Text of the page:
Varadero is Cuba’s most popular tourist destination and one of the largest beach resorts in the Caribbean. This famous strip, which stretches for 20 kilometers along the Peninsula de Hicacos, a slender peninsula of land off Cuba’s north coast, boasts a sublimely beautiful 20-kilometer beach surrounded by more than 50 all-inclusive resorts. Travelers leaving the culturally rich colonial side of Cuba behind as they cross the drawbridge that separates Varadero from the mainland fall to a sybaritic paradise of sun, sand, and sea.
Water sports are the most popular activities along Varadero’s enticing stretch of palm-fringed sand. Scuba diving, sailing, snorkeling, and swimming are all possible in the crystal-clear waters of the Caribbean.
Other attractions include crystal-encrusted caves, verdant parks, and close-up dolphin experiences for those who can bear to leave the beach. Read our list of the top things to do in Varadero for more suggestions on where to go.
Saturno Cave, Varadero
A trail through the bush near Varadero’s airport leads to Saturno Cave (Cueva Saturno), the star attraction of a complicated cave system. This mesmerizingly beautiful cenote, or subterranean swimming hole, provides a welcome break from the sun-baked beach. Stalactites drip from the cave’s top, and stalagmites emerge from the depths of the water.
Tourists come to swim in the azure-hued freshwater pool, dive from the crystallized columns, and marvel at the amazing rock formations. On a trip here, you’ll need water shoes, a snorkel, and a mask.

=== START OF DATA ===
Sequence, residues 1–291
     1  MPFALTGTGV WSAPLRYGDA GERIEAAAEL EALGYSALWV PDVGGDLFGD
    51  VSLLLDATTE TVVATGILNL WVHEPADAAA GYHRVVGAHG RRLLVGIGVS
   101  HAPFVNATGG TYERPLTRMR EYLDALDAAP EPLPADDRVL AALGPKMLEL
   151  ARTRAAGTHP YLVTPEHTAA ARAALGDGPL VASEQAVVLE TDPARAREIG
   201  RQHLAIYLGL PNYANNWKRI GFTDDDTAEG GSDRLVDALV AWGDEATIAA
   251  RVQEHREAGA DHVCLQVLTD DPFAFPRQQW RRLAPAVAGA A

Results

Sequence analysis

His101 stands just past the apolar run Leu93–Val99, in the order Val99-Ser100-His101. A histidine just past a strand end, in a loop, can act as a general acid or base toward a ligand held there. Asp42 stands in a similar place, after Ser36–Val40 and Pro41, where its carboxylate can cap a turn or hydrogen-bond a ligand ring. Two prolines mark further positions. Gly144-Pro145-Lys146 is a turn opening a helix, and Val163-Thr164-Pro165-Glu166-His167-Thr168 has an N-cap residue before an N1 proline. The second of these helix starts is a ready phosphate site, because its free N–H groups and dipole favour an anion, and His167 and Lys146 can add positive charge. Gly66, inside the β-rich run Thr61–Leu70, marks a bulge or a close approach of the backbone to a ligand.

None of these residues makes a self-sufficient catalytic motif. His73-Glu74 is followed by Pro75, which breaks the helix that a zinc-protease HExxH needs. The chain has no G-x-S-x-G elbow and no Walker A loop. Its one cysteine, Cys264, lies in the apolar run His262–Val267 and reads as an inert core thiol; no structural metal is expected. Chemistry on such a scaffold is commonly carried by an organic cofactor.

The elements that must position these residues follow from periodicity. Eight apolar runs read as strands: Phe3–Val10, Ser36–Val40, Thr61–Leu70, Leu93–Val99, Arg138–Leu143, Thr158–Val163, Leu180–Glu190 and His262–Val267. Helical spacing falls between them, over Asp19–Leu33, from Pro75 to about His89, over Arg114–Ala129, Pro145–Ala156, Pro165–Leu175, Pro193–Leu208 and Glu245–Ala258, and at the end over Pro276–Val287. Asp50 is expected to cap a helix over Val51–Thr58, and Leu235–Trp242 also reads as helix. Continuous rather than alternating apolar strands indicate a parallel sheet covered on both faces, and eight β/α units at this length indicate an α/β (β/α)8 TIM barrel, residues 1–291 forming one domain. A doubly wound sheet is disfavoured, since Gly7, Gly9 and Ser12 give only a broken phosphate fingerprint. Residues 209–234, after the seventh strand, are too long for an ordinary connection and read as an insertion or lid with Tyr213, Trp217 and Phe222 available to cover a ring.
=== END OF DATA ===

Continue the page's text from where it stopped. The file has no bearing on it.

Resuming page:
Varadero Beach, Varadero
This blonde-bombshell of a beach, which stretches for 20 kilometers along the elegant Peninsula de Hicacos, is one of the Caribbean’s best. Palapas bloom from the flour-soft sands, palms rustling in the breeze, and the shoreline falls seductively into the velvety blue sea.
More than 50 all-inclusive resorts dot the landscape, luring package vacationers from all over the world, particularly from Canada and Europe. However, there is enough room for everyone.
Snorkeling, swimming, kayaking, and sailing are just a few of the water sports available to beachgoers.
Animal lovers may kiss, snuggle, and connect with dolphins at Delfinario. The experience begins with a performance, followed by a dolphin encounter in a saltwater lagoon that is fenced. Paying customers to greet their new marine playmates one by one, patting them, swimming in the water with them, and performing fun stunts with them.
The show is documented on film and images, which guests can purchase at the conclusion of the show.
Parque Josone, Varadero
In the heart of Varadero, Parque Josone is a tranquil haven. It was originally the property of factory owner Jose Uturrio, who is said to have erected the mansion for his wife Onelia in the 1940s.
Paths wind through flower-strewn gardens, fountains gurgle, and a decorative bridge spans a tiny lake where ducks bob happily. Tourists come here to relax in the shade of the poinciana and palm trees or paddle or glide around the lake in rowboats.
The previous main villa on the grounds, as well as the guesthouse, have been converted into restaurants, making for a nice afternoon or evening adventure in Varadero. The park’s south end has a swimming pool.